Omura, Teruyo (2010) Competition between charitable organisations for private donations. [Thesis (PhD/Research)]
A central problem for charitable organisations is that they do not derive revenues from their core philanthropic activities. Consequently they cannot survive unless they can derive revenues from other sources. The three major sources of these revenues are: (a) Government grants; (b) commercial activities that cross-subsidise the philanthropic activities; and (c) private donations. In each of these fund-raising activities they compete with other organisations, but none more so than in seeking private donations.
Consequently, this thesis is concerned with the competition for private donations among charities with similar aims. Fundraising efforts through government grant competition and commercial activities are not considered. The charities considered are located in Australia and Japan, a comparative analysis being an initial major purpose of the research. This was based upon the argument that the behaviour of charitable organisations will be influenced by local culture far more than profit making corporations facing global markets. There was, therefore, an interest in examining how different the forms of competitions might be in the countries.
Charitable organisations compete for private donations in two ways. The first is by an efficient and effective service to the charitable organisations‘ recipients. Unfortunately for fundraising, such service is not usually directly observable by potential donors. The second form of competition is the public provision of information, services and marketing and promotion to potential donors, specifically with the aim of eliciting donations. Competition in this form, of course, requires fundraising expenditures on the part of charitable organisations.
The effects of competition for donations on the behaviour of charitable organisations are investigated at both the theoretical and empirical levels. In particular, this thesis examines the effects of fundraising expenditure on donation levels, and how donation levels to organisations are affected by the level of competition in the market for donations. Such competition is treated as a form of Cournot oligopoly. The degree of competition can then be measured by the level of fundraising expenditure of 'like charitable organisations'. Like charitable organisations are those that serve similar purposes so that their philanthropic services are similar, i.e. in economic terms they are substitutes. This was tested among a group of charitable organisations providing in similar services in both Australia and Japan.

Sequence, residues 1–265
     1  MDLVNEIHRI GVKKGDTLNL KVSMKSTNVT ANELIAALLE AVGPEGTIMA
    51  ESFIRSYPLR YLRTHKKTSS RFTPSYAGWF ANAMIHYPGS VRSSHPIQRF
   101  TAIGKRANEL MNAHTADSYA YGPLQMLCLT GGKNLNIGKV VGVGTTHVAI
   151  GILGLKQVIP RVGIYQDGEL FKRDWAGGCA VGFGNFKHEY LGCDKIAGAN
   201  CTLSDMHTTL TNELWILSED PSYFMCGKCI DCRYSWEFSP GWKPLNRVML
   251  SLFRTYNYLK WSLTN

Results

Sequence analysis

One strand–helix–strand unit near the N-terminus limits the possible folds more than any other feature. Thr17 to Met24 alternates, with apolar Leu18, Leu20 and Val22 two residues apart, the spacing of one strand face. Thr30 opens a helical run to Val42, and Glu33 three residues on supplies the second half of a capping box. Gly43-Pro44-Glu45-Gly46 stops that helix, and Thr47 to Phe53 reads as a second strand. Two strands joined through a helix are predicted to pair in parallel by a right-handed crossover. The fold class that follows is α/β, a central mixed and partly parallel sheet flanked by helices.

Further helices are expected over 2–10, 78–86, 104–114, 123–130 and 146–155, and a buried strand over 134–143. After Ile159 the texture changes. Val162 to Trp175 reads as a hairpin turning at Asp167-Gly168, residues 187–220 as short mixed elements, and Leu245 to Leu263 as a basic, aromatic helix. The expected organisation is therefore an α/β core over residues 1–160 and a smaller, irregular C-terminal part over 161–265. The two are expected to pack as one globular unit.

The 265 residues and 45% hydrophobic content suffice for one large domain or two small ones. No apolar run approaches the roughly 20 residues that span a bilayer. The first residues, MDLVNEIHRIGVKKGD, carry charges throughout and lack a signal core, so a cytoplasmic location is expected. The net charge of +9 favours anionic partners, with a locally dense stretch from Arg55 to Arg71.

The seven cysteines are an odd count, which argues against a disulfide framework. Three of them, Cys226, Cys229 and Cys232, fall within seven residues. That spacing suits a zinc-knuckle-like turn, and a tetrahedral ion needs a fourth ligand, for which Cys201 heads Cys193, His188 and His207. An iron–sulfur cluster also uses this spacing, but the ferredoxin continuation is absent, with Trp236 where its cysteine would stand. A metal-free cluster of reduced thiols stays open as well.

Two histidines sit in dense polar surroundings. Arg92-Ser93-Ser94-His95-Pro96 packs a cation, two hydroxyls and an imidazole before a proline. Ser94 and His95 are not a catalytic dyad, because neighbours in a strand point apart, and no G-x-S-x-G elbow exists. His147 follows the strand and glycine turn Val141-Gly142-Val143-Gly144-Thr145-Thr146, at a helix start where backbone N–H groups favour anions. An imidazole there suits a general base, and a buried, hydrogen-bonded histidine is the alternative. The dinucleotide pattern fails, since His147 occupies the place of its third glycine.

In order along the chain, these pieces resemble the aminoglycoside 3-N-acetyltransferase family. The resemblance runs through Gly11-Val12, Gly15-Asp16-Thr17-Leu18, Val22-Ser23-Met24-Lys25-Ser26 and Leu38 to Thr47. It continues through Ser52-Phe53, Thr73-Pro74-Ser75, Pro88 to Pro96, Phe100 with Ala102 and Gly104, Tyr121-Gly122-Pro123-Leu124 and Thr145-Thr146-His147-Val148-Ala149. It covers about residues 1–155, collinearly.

The effectiveness of donation raising behaviour of charities in Australia and Japan is considered by examining organisational financial accounts within the model framework. The application of the oligopoly model throughout this thesis has resulted in the following major findings. First, it was found that increases in total fundraising expenditure by all charities increases total donations to all charities but at a decreasing rate. Second, an increase in competition is related both closely and positively to fundraising spending and the total level of donations in the current year rather than previous years. Third, and again, supporting the oligopoly model, the fundraising expenditure of a charity‘s competitors relates both closely and negatively to the level of donations to that charity in the current year. Fourth, and very importantly, it was found that the numbers of volunteers associated with an organisation significantly increased its level of donations in the following year. Fifth, and finally, the impacts of organisational age and size, government grants and administrative costs vary across groups of charitable organisations, but still indicate the effectiveness of using the oligopoly model.
The thesis uses organisational level data to capture the competitive behaviour of charitable organisations, whereas most previous studies have analysed donors. Although charitable organisations in both Australia and Japan have the same perceived objectives, their behaviour differs due not only to cultural and political variations but with the size and history of charities. It appears that the model is much more appropriate for Australia than to Japan. The reasons for this are given. Most notably these differences appear to be due to the intense regulation of charities found in Japan.
The significance of the research lies not only in the empirical success of the modelling. It also lies in the fact that although charitable organisations play a crucial role in the delivery of public and private goods and services, there are relatively few attempts to pay attention to the economic analysis of this sector.
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|Item Type:||Thesis (PhD/Research)|
|Item Status:||Live Archive|
|Additional Information:||Doctor of Philosophy (PhD) thesis, Griffith Business School.|
|Faculty / Department / School:||Current - USQ Other|
|Supervisors:||Forster, John; Nguyen, Tom|
|Date Deposited:||04 Sep 2012 02:36|
|Last Modified:||29 Sep 2014 05:05|
|Uncontrolled Keywords:||charitable organisations; charities; private donations; competition; Australia; Japan; comparative analysis|
|Fields of Research :||15 Commerce, Management, Tourism and Services > 1501 Accounting, Auditing and Accountability > 150106 Sustainability Accounting and Reporting|
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